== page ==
6.8 Activity 5

The aim of this activity is to give you a personal feel for the technology of IP addresses and packets in action.

This activity will help you to:

  • see the unique IP address assigned to your computer when you are logged onto the internet;

  • look at a server which traces the route taken by a packet sent from your computer to another on the internet;

  • conduct a small experiment to see how long it takes to get a packet from your computer to others elsewhere on the internet.

There is some software that can provide a fascinating graphical illustration of the route taken by test packets during transmission from one end of a TCP/IP network to the other (in other words, from your computer to a chosen destination). This service is provided by Traceroute Web servers. You are going to connect to one and see what information you can find about the route taken by packets of information transmitted across the internet.

The one I want you to try is a particularly easy-to-use service providing a clear graphical traceroute – the VisualRoute server in Richmond, Surrey.

Activity 5

Connect to the VisualRoute server.

Note: when you use this service for the first time you have to register. There is no cost involved.

When you connect to the VisualRoute server website, the IP address of your own computer is displayed in the (to) box. It is a numeric address such as ‘’. This is the unique internet address currently assigned to your computer. No other computer on the Net can have this address, and when you send out a packet, the IP layer in your TCP/IP stack places this number in the ‘Source Address’ field in the header which it places on the packet. Make a note of the IP address of your computer.

Note: If you have time, it would be worth repeating this activity the next time you log on to your computer. You may find that your computer now has a different IP address rather than a static one. Most ISPs have a batch of IP addresses assigned to them, and their server allocates addresses from this batch as computers dial in.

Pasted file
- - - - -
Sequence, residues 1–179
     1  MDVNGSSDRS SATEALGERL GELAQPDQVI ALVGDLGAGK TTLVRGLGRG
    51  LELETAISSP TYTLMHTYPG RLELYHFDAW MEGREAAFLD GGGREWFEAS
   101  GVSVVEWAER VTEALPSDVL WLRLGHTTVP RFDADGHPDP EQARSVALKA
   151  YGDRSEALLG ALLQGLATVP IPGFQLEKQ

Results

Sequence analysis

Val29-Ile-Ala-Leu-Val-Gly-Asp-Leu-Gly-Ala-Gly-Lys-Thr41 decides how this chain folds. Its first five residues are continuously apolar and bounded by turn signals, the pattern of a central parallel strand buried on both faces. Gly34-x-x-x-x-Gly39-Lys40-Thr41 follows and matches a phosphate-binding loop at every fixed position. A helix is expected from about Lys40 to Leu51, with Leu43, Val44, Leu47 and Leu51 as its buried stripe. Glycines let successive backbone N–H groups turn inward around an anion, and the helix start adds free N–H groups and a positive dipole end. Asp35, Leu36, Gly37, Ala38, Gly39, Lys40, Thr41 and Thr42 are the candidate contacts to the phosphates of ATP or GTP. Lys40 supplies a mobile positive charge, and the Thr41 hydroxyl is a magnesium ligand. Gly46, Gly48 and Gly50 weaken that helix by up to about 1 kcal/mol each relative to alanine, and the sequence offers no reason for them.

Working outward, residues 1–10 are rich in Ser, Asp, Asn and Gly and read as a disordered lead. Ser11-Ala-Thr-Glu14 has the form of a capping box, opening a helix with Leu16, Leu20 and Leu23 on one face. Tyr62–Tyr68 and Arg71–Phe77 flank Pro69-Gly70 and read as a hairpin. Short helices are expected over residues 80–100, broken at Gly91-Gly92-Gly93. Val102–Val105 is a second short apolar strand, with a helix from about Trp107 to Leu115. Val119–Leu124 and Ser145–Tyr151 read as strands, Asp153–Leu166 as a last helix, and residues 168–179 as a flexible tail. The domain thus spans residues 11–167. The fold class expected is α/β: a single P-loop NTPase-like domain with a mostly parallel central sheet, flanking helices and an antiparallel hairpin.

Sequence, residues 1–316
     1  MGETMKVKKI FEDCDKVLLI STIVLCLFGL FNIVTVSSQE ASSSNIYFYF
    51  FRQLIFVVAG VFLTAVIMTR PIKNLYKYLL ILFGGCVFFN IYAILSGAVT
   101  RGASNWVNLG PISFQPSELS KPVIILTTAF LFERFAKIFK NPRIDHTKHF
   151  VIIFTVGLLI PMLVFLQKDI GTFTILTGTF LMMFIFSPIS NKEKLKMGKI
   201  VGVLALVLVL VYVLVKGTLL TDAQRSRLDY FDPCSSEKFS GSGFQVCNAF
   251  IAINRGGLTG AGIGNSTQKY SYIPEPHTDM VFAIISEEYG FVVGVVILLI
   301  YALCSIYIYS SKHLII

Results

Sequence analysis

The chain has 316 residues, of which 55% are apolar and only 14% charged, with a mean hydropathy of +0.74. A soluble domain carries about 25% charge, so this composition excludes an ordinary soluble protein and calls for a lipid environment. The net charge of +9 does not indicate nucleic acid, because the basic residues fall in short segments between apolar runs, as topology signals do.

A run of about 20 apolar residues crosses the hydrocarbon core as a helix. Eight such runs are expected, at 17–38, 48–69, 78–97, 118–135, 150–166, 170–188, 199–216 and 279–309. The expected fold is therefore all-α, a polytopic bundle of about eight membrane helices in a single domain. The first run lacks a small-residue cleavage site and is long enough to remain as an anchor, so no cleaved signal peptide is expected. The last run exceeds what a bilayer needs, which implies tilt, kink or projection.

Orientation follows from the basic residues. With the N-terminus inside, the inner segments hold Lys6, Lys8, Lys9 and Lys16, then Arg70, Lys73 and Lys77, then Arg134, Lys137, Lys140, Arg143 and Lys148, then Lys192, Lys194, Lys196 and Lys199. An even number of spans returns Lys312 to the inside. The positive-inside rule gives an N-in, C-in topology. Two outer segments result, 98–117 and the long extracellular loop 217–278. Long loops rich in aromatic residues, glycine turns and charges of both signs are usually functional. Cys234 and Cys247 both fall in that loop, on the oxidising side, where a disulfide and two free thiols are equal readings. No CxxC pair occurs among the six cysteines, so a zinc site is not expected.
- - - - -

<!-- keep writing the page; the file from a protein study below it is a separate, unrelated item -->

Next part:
Next, click on the start button beside the box with your IP address in it.

The software then analyses your connection to the VisualRoute server. Clicking on the “Summary”, “Table” and other tabs gives you a range of useful information on your connectivity including:

  • the number and IP addresses of all the separate computers involved in passing on the test packets to their eventual destination;

  • the percentage loss of information;

  • the locations of the various nodes and networks involved ;

  • the time in milliseconds for each ‘hop’;

  • a map showing the route of the packets across the world.

Now enter the URL of a website in the UK or USA to which you would like VisualRoute to send test packets (for example, the New York Times server would be entered by typing ‘www.nyt.com’) and click on the start button to the right of the url entry box. The software analyses VisualRoute’s connection to the chosen website. This information can be accessed by clicking on the “Summary”, “Table” and other tabs as before.

If you have the time and inclination, it would be worth repeating this activity at different times of the day, especially early in the morning UK time (before the USA goes to work) and mid-afternoon in the UK (when the USA is busy). Compare the time taken and any differences in the routes used.

You could also repeat the process for other addresses across the world, or for a target address in the UK, such as the Open University or the BBC.

Note: The VisualRoute utility was tested and found to work in Microsoft Internet Explorer version 6. It did not work with the Firefox browser version 3.0.5”

6.7 The importance of end to end

6.9 Summary and SAQs